As a result of my motherís inability to look after her children, I spent a great deal of time at my grandmotherís house. Because my mother would dump me off with just about anybody who would agree to look after me, I never really bonded with her and subsequently to this day suffer from an attachment disorder.

One of the symptoms of attachment disorder and neglect is a preoccupation with food, so whenever I did happen to find myself in a situation where food was readily available, I would binge. When I lived with my grandmother, she kept an eye on whatever I put into my mouth and I was therefore able to maintain a normal weight. Because I didnít have to endure the same type of stress, however, food wasnít necessarily the number one priority in my life whenever my grandmother took care of me.

When I was a child, living with my grandmother, I was able to assume a sense of normality and made friends just like most of the other children. The only major problem that I had was one of kleptomania, which I have suffered from sporadically during times of intense stress. By the time I had become a teenager, however, the damage was done. By that time I doubt very seriously that anyone who was not trained specifically to deal with abused children would have been able to break into the shell of what had become an extremely damaged soul.

At the very least, I was severely neglected by my mother and I have the scars to prove it. My mother said that they came from a dog bite, but the scar that appears to the right of my left eye does not look like a dog bite to me. Since I cannot remember the incident, I have been left with no other alternative to accept her story, even though I have resigned myself to the fact that my mother is a pathological liar.

As an adult, when I finally forced myself to look in the mirror at that hideous scar that had marred an otherwise attractive face, I decided to do something about it. I paid a plastic surgeon to perform a procedure called scar revision. The scar revision procedure was performed to make the ugly gash less noticeable. Six months after the operation, he promised me, nobody would know that I even had a scar if I just wore a little make-up over it.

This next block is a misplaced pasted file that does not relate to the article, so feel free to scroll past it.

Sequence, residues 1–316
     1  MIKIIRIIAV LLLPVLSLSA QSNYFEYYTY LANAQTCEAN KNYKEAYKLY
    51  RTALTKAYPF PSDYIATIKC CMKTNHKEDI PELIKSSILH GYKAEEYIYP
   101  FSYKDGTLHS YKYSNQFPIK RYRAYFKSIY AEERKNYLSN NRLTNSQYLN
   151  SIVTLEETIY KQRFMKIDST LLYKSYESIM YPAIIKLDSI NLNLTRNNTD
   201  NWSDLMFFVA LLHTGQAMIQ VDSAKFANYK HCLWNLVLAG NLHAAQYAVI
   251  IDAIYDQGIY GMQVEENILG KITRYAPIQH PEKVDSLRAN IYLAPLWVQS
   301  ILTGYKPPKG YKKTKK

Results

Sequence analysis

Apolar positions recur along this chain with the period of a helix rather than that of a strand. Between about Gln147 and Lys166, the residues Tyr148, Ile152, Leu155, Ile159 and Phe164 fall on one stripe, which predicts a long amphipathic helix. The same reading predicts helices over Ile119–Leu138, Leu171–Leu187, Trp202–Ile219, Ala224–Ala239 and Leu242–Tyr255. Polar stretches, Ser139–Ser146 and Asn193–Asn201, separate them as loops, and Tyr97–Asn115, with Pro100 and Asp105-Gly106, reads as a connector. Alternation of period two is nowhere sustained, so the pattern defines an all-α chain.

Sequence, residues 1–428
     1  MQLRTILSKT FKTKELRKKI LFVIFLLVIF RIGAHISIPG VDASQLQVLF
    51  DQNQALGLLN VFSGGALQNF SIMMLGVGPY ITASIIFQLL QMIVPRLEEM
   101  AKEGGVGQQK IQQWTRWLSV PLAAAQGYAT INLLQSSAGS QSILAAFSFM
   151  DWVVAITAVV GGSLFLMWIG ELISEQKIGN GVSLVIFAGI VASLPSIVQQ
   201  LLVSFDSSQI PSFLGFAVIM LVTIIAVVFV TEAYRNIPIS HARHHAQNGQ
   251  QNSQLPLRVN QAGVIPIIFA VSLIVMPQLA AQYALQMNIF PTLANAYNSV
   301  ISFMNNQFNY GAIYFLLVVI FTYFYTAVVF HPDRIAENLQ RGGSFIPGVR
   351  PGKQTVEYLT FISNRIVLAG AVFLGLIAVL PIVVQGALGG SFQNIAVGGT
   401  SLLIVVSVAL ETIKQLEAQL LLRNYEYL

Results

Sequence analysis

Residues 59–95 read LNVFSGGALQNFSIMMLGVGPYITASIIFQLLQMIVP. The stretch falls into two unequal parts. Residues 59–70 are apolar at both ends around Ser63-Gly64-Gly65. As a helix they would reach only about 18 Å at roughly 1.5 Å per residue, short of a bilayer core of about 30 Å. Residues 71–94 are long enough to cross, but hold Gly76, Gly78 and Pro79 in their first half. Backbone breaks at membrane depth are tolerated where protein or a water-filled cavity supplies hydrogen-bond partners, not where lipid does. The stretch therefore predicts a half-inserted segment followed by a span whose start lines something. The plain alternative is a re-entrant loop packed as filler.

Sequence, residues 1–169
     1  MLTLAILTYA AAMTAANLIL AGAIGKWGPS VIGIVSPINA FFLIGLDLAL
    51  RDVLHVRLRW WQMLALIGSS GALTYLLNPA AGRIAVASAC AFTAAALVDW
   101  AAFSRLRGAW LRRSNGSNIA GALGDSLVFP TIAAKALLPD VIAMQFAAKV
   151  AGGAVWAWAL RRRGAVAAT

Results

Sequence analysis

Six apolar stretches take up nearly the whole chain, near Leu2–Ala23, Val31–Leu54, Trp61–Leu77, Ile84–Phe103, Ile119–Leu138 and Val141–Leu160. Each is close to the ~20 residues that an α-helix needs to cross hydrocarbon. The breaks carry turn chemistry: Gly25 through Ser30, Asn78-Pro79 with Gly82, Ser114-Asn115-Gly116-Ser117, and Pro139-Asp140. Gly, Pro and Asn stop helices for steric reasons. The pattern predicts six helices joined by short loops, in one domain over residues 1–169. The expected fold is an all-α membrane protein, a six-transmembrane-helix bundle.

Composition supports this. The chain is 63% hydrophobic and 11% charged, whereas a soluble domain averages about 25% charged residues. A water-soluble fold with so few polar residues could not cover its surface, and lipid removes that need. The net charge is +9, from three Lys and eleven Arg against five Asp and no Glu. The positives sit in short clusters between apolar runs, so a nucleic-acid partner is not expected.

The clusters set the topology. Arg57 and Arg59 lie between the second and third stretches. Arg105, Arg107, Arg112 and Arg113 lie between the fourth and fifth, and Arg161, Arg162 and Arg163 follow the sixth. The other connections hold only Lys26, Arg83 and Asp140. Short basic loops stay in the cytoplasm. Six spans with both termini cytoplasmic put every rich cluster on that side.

What is surprising is that although I do not have a dog phobia, which is what one would assume if I had actually been bitten by a dog, all my life I have had a knife/needle phobia. Because my knife/needle phobia is so intense, the surgical procedure was performed under general anaesthetic, which is what I wanted. In no way did I want to be conscious when someone was cutting me up.

I was scheduled for the scar revision on a Saturday. I went into the hospital at 8:00 in the morning and was being woken up from the anaesthetic by 10:30 am.

ĎKrystalí, a woman said to me repeatedly, as I was slowly being roused out of my slumber, Ďwake up.í

ĎIs the operation over?í, I asked the nurse, still under anaesthetic.

ĎYes,í she replied, looking me in the eye.

ĎYou donít want to be around some neurotic woman,í I told the nurse. By that time in my life I already knew that I didnít fit in and didnít even try to entice people to be my friend.

Completely out of the blue, under anaesthetic, I told the woman who was trying to get me to wake up, ĎThey did awful things to my sister too.í Who was Ďtheyí? I will never know precisely who Ďtheyí was, but I did know that Ďtheyí were responsible for my scarred body, mind and spirit. I was so overwhelmed by what I had said that the minute I was able to sit up I wrote my feelings down:-

ĎI felt as if I had to tell someone the truth, even if it was well over three decades too late. It was at that point that I realised that the reason why my mother told everyone I was warped, demented and mentally ill was because she wanted to cover up the truth. That was why my mother threw me out of the house the first opportunity that came along. She wanted to make it seem as if I was the problem. She didnít want anyone to know what she and/or her friends had done to me. That is why my mother and her friends said that I was mentally ill. She did not want anyone to know the truth. I had to tell people the truth, even if it was 40 years too late in another country.

Tell me lies, tell me sweet little lies.

I could not stay in my bed. As soon as I was able to ge up, I got up and tried to be friendly to people and asked it I could go to the toilet. I couldnít tell the nurse that I could not stay in bed and couldnít go back to sleep because people did things to me when I was sleeping. I could not tell the nurse that when I was a child growing up with my mother that I never slept. I was always up at the crack of dawn. If I was up at the crack of dawn, then nobody could do anything to me.í

I wasnít the only person to suffer injuries in my motherís care, as my sister has a massive burn Marc on her stomach where she supposedly walked into a furnace. What is odd about this burn Marc is that it is a symmetrical circle. I would have supposed that if she had been burned, it would have been a bit more jagged, especially since it was supposed to have come from a furnace.